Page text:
child smiling at her mother

Venturing Out with Baby


Venturing Out with Baby

Kristi

After my son was born, I transformed from a relatively normal woman who enjoyed lunch dates, traveling, and an occasional night out to a neurotic germaphobe driven by my son’s feeding and sleeping schedule. Blame it on hormones or motherly instincts; either way I was not the easiest person to negotiate with. Bless my husband for his patience and ability to bite his tongue—two qualities that I also lost a grip on about fifteen minutes into my pregnancy.

During those first few months of my son’s life, I rarely ventured out with him. I don’t know if I was more terrified of the idea of him catching some communicable disease from the grocery store or a swing set, or the possibility of him having a meltdown in the middle of a quiet restaurant. Whatever the cause, I was really content to stay in and entertain my son with my award winning lineup of funny faces and rattling toys and I felt like I was doing what was best for him because he was able to maintain a predictable schedule and stay completely healthy.

I’m not sure exactly when it happened, but one day I got a little stir crazy. I love my son more than anything on this earth, but, as I’m sure any new parent can relate, if you don’t get the chance to interact with an adult on occasion, you start to lose it a little. It was time to load twenty pounds worth of baby gear in the car and venture back out into the world.

The obvious outing was shopping. Whether for groceries, housewares, or clothes for the baby or me, I was happy to get out and do some speed shopping in the two-hour window I had between nap times. But, like the old saying goes, “money doesn’t grow on trees,” so there was an obvious flaw in my plan and it was back to the drawing board!

Over the last few months, I have discovered plenty of opportunities, on my installation and within the community, to get out of the house with little or no expense:

  1. Get a library card. My English degree would be ashamed to learn that it took me three years to finally obtain a library card at our current duty station. Better late than never. The library offers a great quiet afternoon out of the house. Older kids can pick out books of their own and babies can enjoy riding through the aisles of books in their stroller. Either way, mom gets some quiet time come rain or shine!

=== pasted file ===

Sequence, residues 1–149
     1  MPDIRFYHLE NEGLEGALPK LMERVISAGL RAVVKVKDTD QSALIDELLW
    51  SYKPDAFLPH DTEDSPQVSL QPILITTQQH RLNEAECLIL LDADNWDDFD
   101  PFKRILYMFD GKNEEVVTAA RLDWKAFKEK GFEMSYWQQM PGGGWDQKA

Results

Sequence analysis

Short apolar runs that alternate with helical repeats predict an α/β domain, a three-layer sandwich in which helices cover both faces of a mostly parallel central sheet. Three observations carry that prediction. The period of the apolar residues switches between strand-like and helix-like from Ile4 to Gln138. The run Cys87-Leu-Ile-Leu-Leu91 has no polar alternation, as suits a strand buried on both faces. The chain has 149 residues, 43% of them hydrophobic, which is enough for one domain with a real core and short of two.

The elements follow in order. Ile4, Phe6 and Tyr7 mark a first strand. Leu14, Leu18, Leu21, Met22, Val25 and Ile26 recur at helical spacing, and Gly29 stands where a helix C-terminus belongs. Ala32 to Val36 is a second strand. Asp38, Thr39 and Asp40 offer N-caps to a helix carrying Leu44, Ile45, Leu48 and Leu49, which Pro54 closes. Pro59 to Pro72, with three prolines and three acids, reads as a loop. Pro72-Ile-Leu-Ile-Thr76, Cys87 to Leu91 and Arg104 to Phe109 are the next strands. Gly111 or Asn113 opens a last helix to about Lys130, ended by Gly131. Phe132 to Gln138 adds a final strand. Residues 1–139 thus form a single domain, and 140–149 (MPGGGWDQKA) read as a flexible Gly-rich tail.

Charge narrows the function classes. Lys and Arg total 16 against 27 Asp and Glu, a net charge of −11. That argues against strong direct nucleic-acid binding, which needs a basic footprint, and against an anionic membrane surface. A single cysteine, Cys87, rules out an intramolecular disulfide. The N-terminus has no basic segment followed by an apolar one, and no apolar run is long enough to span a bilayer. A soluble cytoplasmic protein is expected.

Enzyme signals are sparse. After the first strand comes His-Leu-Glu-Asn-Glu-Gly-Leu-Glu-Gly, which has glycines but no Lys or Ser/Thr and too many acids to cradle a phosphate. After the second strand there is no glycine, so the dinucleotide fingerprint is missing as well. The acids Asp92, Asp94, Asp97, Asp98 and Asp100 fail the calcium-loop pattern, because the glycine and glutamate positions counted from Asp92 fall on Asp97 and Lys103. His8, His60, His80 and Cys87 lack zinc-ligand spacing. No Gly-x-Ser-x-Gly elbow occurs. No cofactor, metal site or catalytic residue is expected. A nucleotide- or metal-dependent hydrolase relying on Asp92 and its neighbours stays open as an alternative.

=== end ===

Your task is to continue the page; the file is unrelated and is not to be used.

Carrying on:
2. City parks or parks on the installation are the answer to your prayers for fresh air and energy burning. Let your kids be loud and go nuts. You’ll know it’s time to load up the car when their sweaty and panting. My son isn’t quite to the jungle gym and tag phase yet, but he could sit in the infant swing all day if I’d let him. The germaphobe mom in me wants to remind you to pack the hand sanitizer and disinfecting wipes.
  3. Don’t underestimate the good old-fashioned play date. It may just involve going to someone else’s house and playing with the same toys your kid has at home, but think of it as a social opportunity for your kiddo and you. Go make a mess at someone else’s house for an afternoon (just make sure you volunteer to host next week’s play date).
  4. Check your installation for youth programs or family friendly events. Availability will vary from one installation to another, activities may be seasonal, and will probably be geared more toward the school-aged crowd, but it’s worth looking into. Your family center might also have information about play groups on the installation.
  5. Walk! It’s free, anyone can do it, and it kills two birds with one stone—mom gets exercise and baby gets a change of scenery. Try walking around the block or heading to a walking trail nearby. Know some other moms in the same boat? Start a walking group!

The initial outing with your little one is going to be scary. I crashed and burned the first time I took my son to the grocery store. I put him in his baby sling and he started screaming at the top of his lungs. People in the parking lot were staring, and, being a new mom, I still cared what people thought about my parenting style. Mortified, I strapped my son back into his car seat and we went home grocery-less. When I finally did make it farther than the parking lot with Jack, I realized it isn’t so bad. The best advice I can give is be prepared for anything from a leaky diaper to a nuclear fallout. OK, maybe that’s a stretch, but pack necessities, like wipes for sanitizing (just about everything), a change of clothes, diapers, and snacks or bottles. A little fresh air, new places, and new faces are good for baby and mama. Resist the initial urge to want to shelter your little one and, if you’re like me, you’ll eventually stop gasping at every sneeze (OK, at most sneezes, anyway).

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